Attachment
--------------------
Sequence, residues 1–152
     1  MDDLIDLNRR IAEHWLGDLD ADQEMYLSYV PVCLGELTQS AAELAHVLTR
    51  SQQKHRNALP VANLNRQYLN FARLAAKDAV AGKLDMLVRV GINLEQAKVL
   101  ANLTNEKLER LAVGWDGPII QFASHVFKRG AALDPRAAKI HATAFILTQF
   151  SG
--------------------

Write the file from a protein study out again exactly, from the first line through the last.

Sequence, residues 1–152
     1  MDDLIDLNRR IAEHWLGDLD ADQEMYLSYV PVCLGELTQS AAELAHVLTR
    51  SQQKHRNALP VANLNRQYLN FARLAAKDAV AGKLDMLVRV GINLEQAKVL
   101  ANLTNEKLER LAVGWDGPII QFASHVFKRG AALDPRAAKI HATAFILTQF
   151  SG